Part V: Suggestions for Renewal

'Integral' predates Wilber and has been abused by him in order to develop a brand appropriate to his market.

I want to rescue 'integral' from permanent association with him. I propose that his work no longer be called "integral theory", but rather "Wilberian philosophy". Let's also end the practice of capitalizing the word 'integral', unless it begins a sentence. Wilber's is one voice among many, and hardly the most enduring in my opinion compared to, say, the writings on art by John Dewey, as integral as anything ever written. 'Integral' predates Wilber and has been abused by him in order to develop a brand appropriate to his market. Furthermore, it never was supposed to mean what he has implied it must. The foundation of his theory is integral with the meaning of "inclusive of all known truths from all major fields" but he has demonstrably failed, and the entire aim frankly quixotic. We rightly cherish the pragmaticism of Peirce in allowing various fields of human thought and discipline to live and breath distinctly, and with conceptual assertions tethered to the conceivable bearings upon those fields and disciplines. The open secret about Wilber is that, contra the marketeering, he mainly operates in the realm of theoretical psychology, inclusive of religious practice. His move is to inflates psychology to be the alpha/omega of all (thus for Wilber, "ecology" becomes the psychology of ecology; medicine becomes the psychology of medicine, politics becomes the psychology of politics, and so on).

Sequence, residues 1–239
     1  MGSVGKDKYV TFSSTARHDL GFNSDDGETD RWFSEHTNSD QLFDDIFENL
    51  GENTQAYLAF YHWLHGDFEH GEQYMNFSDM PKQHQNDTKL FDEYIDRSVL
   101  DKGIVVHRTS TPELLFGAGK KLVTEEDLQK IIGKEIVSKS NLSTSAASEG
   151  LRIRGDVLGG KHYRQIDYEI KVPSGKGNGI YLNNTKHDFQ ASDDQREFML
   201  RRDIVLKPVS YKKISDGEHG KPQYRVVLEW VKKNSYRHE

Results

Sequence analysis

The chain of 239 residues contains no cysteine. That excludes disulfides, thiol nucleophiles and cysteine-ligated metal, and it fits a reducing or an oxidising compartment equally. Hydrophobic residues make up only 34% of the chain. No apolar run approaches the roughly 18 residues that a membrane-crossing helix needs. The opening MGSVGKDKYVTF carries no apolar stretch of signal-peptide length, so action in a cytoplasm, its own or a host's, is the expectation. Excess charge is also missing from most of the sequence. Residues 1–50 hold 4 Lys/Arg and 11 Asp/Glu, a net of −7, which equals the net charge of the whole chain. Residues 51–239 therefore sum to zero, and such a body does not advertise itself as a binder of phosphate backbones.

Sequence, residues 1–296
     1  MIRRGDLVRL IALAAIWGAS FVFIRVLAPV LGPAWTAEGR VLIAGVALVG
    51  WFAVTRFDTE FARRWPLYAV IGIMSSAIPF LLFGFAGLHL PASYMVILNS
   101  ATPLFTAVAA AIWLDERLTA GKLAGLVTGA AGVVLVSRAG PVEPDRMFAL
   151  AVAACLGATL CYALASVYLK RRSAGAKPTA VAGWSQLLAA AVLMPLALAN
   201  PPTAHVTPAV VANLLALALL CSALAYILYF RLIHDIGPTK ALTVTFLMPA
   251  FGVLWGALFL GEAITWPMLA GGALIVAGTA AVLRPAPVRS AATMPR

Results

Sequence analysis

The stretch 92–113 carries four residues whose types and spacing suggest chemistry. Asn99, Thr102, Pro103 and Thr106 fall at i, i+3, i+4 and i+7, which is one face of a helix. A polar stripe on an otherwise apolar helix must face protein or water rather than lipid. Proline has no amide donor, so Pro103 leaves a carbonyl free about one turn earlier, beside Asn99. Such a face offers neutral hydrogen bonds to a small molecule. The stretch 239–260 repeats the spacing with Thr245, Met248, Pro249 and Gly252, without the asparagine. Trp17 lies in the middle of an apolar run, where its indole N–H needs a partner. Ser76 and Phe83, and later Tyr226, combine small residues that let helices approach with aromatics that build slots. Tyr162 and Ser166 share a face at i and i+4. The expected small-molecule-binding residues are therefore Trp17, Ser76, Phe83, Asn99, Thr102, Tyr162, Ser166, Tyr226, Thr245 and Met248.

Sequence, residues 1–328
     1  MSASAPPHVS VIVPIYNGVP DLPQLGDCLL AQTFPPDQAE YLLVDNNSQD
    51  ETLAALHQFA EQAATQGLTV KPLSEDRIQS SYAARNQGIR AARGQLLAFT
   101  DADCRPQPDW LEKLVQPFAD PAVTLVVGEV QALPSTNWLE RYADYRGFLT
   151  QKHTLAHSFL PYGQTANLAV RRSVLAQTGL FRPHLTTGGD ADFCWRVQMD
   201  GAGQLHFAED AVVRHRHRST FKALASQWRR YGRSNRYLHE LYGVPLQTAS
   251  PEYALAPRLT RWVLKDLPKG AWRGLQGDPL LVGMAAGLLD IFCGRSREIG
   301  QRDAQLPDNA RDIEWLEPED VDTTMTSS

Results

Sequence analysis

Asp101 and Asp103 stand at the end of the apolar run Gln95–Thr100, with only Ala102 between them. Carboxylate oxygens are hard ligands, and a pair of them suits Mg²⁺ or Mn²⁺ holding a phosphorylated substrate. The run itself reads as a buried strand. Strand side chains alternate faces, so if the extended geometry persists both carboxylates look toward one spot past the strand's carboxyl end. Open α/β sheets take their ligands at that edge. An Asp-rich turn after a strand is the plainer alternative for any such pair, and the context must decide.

Let me propose the beginnings of a different approach, one that allows the insights of real psychology as necessary yet avoids the trappings of pop psychology. This approach is actually best framed by McLuhan: